Timmons is optimistic that Congress and the president will find a way to compromise and avoid the automatic tax increases and spending cuts that will otherwise take affect next year.
"I do believe cooler heads will prevail in Washington, D.C. and we'll see Congress and the president come together in a way we have not seen in years," Timmons said. "That is my hope and desire."
But he didn't mince words about what will happen if the nation's leaders fail to reach a budget deal.
Six million jobs will be lost, unemployment will quickly rise to 11 percent and real income will drop by 10 percent by 2015.
The combination of automatic tax increases and spending cuts scheduled to take effect next year will be particularly painful for manufacturers, Timmons said. Two-thirds of manufacturers pay taxes based on the individual tax rate, so any tax hikes will hurt. Some manufacturers pay 50 percent of their profit in taxes.
The U.S. has the highest corporate tax rate in the world at 35 percent, Timmons noted. Other countries are lowering their corporate tax rates in an attempt to take business away from the U.S. Canada just lowered its rate to 15 percent.
NAM has long advocated for a corporate tax rate of 25 percent or lower, with an emphasis on "or lower," Timmons said.
And the across-the-board cuts in federal spending will hit the defense manufacturing sector hard.
Without a deal, Timmons said the cuts will occur in the wrong places.
Timmons also emphasized the need for major reforms in entitlement programs. Without them, he said, we will bankrupt the nation.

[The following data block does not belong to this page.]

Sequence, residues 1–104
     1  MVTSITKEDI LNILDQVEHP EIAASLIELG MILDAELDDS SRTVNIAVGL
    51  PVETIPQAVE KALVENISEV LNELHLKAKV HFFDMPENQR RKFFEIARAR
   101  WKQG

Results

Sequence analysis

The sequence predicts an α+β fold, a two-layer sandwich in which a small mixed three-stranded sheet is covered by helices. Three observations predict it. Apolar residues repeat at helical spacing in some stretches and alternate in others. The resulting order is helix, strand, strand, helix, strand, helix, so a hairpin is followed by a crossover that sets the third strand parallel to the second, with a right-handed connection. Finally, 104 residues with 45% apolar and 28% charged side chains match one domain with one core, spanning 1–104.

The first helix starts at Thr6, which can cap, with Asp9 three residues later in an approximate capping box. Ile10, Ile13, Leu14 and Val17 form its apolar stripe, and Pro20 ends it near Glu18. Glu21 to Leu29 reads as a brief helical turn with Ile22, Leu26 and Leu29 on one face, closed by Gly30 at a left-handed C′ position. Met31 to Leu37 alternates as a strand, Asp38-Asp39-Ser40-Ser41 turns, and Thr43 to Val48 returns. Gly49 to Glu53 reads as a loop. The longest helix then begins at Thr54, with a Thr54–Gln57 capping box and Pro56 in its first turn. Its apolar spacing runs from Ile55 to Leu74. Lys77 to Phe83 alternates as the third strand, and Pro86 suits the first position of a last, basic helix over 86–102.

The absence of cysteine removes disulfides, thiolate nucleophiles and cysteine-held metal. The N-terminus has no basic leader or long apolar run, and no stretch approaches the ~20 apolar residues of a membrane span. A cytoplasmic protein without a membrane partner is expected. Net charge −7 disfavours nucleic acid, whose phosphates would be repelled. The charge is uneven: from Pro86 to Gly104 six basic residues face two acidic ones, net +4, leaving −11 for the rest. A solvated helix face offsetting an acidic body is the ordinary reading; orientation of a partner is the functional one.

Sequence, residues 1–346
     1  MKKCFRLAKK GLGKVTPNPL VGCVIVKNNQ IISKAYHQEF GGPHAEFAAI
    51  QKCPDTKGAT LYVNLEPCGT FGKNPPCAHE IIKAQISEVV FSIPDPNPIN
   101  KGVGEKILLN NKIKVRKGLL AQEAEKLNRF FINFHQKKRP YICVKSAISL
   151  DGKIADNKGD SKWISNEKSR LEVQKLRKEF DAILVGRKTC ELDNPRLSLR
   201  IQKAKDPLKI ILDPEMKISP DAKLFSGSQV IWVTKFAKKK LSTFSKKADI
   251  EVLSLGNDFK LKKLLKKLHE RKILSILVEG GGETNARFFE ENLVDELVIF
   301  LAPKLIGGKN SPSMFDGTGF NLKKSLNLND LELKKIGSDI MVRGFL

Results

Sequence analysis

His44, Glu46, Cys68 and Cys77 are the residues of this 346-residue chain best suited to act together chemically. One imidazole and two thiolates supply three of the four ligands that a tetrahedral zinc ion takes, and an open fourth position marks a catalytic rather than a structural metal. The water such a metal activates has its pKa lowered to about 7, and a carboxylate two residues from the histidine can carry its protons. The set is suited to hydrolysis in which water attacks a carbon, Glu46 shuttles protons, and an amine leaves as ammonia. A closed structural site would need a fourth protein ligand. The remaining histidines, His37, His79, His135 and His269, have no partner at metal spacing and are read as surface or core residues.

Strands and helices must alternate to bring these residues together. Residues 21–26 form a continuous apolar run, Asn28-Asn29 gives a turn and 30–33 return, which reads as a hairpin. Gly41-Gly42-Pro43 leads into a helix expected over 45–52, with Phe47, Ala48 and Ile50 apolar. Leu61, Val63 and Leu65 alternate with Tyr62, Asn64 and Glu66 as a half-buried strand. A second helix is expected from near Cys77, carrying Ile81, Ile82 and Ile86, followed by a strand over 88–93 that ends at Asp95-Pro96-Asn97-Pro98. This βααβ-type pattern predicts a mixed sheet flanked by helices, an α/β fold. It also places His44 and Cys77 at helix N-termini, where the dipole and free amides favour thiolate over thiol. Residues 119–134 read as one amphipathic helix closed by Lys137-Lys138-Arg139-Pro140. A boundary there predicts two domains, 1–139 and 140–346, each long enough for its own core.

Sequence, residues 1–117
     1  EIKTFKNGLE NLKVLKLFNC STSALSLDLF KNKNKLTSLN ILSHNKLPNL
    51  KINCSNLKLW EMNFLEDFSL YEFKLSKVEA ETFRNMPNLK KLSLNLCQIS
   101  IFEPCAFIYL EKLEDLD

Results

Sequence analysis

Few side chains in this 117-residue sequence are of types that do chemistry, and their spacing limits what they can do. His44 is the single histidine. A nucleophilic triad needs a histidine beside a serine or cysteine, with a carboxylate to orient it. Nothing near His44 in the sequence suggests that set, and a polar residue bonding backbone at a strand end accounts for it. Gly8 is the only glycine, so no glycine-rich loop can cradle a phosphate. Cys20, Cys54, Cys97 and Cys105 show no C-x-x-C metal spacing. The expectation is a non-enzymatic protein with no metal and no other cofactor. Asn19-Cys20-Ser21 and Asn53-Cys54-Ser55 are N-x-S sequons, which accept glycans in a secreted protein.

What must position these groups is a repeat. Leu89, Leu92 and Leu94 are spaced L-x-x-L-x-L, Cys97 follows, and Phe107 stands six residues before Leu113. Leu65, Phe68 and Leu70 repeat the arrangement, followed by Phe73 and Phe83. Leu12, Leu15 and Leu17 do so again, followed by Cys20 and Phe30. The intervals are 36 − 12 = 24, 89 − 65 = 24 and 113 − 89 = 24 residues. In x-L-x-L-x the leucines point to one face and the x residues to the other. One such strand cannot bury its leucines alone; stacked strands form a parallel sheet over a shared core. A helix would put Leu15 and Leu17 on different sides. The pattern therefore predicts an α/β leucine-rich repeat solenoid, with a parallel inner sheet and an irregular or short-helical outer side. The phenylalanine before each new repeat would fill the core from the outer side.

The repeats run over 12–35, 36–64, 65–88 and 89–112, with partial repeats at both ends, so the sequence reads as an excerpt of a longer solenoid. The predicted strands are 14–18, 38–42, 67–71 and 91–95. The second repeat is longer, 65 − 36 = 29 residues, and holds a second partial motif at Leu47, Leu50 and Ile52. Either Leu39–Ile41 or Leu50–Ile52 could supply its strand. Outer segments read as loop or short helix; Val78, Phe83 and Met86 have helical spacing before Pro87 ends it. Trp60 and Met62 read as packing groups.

"This cannot be ignored," he said. "They're going to have to come together in a good old-fashioned bipartisan way and find a compromise."
Taxes and spending issues will likely dominate the political discussion for a while, but lawmakers must get around to dealing with the problem of over-regulation, Timmons said.
Manufacturers, he said, have been "pummeled" by new regulation for years, and both political parties are to blame. It's now 20 percent more expensive to manufacture here than anywhere else in the world, even after taking out the cost of health care," Timmons said.
"I'm not saying all regulations are bad, but they really need to be balanced," he said. "And right now, they are not."
Timmons struck a bipartisan tone with his comments, saying that "addressing our challenges is not about politics, it's all about policy."
Despite the challenges, it's clear that Timmons is optimistic.
"Manufacturing means jobs, manufacturing means economic growth, and our nation desperately needs both," Timmons said.
The actions taken by Congress and the president in the next month will in large part determine whether growth will occur.
"We are on the edge," Timmons said, "of a rebirth and renaissance."